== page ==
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Title: EMITFSI, an ionic liquid electrolyte for lithium batteries
Author: Wakizaka, Yasuaki
ISNI:       0000 0001 3551 0068
Awarding Body: University of Southampton
Current Institution: University of Southampton
Date of Award: 2007
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The ionic liquid, l-Ethyl-3-methylimidazolium bis- (trifluoromethylsulfonyl)-imide (EMITFSI) was studied as an electrolyte for rechargeable lithium batteries. This work focused on two main topics: cathodic stability and lithium ion transport. The ionic liquid was synthesised and purified until Br < 40 ,vtppm, H20 < 2 ppm. Effects of water on the cathodic stability limit were studied using a platinum microdisc electrode and a :gold microdisc electrode array. The response of the cathodic current on the water concentration suggests catalytic decomposition of EMr with moisture. The cathodic potential limit shifted negative with addition of lithium salt, especially on a nickel microelectrode, so that deposition and stripping current for lithium was observed. This is attributed to the formation of a solid electrolyte interface (SEI). Evidence for the formation of a SEI was also found from cyclic voltammograms and impedance spectra for lithium metal electrodes as well as open circuit cell potentials. Addition of LiTFSI to EMITFSI resulted in a decrease in the conductivity (e.g., from 10.5 to 5.6 mS cm-l for 0.47 mol dm-3 ) and the lithium ion diffusion coefficient was found to be 1.2 x 10-7 cm2 S·l for 0.47 mol dm-3 added Li salt. The transference number for .lithium ions) in LiTFSI / EMITFSI was found to be proportional to the concentration of the lithium salt. The measured value of 0.04 for 0.47 mol dm-3 is significantly higher than that of LiBF4 / EMIBF4 at the same concentration and temperature. This may be explained with two factors; the differences in size and dissociation level ofthe anions. The charge / discharge rate performance· of LiFeP04 carbon composite electrodes with various thicknesses in different concentrations of LiTFSI I EMITFSI electrolytes was studied using 3-electrode cells. At fast charge or discharge rates, discharge capacities were approximately inversely proportional to C-rate, suggesting that the capacities were controlled by lithium ion diffusion in the pores of the composite electrode. Differences in rate perfonnance were found between charge and discharge and for different concentrations of lithium salt in the ionic liquid. Two models are proposed to explain above phenomena; a transmission circuit to represent electrolyte resistance, and a salt depletion model simplified by the assumption of a compact discharge front. An optimised cell was designed and constructed according to the above fmdings, using a 14 LiFeP04 positive electrode, mol dm-3 LiTFSI / EMITFSI and a lithium negative electrode. The cell gave a discharge capacity of more than 100 mAh g-l over 850 cycles.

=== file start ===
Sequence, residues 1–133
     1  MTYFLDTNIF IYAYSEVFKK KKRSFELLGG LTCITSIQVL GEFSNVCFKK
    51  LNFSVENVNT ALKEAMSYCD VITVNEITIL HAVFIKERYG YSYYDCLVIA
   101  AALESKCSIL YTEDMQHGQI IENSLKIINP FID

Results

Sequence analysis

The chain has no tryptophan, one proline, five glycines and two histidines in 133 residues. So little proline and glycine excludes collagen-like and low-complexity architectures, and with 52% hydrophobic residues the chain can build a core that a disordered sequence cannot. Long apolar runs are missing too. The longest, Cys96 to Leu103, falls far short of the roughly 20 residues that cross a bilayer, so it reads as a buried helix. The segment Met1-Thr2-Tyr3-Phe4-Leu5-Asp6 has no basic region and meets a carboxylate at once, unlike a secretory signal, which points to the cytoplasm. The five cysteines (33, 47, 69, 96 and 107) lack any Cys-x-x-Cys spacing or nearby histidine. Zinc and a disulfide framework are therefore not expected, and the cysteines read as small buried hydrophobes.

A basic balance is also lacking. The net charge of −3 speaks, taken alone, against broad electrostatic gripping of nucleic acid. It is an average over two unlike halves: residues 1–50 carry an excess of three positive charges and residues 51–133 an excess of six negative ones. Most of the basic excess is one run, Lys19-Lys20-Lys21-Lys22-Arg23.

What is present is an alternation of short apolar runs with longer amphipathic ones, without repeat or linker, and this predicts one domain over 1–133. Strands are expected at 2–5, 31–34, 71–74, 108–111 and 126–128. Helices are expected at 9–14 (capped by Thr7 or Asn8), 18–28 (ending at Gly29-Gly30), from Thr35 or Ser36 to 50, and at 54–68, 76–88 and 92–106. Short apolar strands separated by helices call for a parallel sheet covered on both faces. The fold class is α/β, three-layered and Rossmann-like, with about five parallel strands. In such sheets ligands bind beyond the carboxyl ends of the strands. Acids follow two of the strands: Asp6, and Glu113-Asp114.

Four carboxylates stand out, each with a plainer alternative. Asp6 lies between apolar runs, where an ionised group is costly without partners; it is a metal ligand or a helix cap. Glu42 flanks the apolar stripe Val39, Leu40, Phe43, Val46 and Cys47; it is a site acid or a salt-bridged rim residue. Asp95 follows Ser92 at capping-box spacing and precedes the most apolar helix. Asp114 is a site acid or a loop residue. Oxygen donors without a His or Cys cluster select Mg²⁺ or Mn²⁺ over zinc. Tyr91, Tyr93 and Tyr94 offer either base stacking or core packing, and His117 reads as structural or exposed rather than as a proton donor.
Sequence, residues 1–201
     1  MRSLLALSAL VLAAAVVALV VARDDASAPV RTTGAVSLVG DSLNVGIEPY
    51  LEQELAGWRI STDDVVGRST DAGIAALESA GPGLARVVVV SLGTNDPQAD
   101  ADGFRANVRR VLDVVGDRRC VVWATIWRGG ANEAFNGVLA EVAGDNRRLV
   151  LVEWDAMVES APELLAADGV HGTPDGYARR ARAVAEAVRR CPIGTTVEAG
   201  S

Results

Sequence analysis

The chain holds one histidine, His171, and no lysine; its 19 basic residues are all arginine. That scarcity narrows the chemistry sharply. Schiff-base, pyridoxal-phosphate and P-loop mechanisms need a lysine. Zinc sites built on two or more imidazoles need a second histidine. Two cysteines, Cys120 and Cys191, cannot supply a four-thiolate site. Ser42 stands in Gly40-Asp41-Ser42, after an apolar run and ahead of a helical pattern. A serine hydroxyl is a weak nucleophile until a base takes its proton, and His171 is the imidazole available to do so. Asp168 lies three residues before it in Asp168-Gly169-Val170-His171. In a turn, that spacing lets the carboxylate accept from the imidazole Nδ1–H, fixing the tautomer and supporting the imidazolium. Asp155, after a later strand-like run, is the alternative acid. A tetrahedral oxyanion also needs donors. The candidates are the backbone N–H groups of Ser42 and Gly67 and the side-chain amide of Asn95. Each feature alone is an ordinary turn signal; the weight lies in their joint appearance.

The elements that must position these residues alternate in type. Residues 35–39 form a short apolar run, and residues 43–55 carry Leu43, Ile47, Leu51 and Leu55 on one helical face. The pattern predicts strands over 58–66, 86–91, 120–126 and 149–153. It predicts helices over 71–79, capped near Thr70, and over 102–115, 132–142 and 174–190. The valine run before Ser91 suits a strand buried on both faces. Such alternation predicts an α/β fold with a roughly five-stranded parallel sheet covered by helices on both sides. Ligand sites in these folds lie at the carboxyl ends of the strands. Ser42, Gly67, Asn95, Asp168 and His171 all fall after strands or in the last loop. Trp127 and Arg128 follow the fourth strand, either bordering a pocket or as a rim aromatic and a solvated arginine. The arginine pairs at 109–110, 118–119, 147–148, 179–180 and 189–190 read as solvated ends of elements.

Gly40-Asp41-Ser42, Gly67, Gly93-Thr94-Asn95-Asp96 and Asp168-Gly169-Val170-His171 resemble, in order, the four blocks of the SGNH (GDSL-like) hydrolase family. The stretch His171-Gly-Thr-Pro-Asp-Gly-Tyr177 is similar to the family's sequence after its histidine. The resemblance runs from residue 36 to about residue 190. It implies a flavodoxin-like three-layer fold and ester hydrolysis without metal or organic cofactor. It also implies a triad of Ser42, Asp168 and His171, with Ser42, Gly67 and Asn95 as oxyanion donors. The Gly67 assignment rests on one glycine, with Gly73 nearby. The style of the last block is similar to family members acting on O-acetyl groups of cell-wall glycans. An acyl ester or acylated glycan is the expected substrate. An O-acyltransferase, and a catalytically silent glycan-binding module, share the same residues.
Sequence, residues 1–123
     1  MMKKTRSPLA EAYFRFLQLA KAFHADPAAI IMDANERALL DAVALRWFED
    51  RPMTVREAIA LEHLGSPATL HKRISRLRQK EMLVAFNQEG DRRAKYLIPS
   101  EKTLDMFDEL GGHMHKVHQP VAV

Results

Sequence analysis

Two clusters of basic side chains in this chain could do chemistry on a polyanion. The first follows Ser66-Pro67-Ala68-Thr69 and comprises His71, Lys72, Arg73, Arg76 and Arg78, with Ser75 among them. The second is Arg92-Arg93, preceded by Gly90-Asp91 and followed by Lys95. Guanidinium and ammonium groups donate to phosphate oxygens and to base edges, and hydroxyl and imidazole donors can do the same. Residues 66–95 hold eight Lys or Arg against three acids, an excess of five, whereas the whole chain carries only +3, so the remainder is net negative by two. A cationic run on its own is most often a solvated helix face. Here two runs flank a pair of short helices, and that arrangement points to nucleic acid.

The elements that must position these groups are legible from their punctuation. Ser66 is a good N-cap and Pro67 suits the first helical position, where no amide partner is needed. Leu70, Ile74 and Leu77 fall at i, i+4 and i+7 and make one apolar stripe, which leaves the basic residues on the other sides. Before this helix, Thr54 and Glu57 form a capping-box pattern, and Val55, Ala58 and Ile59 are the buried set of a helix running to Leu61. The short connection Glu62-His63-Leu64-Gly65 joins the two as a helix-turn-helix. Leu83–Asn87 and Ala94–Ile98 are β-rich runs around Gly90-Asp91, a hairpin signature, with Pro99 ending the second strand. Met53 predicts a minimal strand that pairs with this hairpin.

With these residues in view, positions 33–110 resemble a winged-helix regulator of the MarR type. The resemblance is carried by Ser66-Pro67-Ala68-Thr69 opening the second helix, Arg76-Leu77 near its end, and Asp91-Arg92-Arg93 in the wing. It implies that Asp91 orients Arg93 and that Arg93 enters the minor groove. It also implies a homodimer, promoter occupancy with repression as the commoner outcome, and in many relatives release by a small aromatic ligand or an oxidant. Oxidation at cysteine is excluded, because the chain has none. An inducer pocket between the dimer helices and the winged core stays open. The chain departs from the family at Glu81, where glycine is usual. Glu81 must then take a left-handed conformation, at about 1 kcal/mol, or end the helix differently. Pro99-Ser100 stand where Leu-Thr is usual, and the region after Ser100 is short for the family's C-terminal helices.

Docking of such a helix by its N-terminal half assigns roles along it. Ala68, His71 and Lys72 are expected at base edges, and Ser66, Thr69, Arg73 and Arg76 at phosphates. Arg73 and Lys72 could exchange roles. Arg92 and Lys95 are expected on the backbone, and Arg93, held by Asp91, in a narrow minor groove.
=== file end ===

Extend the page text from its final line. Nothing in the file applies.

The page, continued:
Supervisor: Not available Sponsor: Not available
Qualification Name: Thesis (Ph.D.) Qualification Level: Doctoral
EThOS ID:  DOI: Not available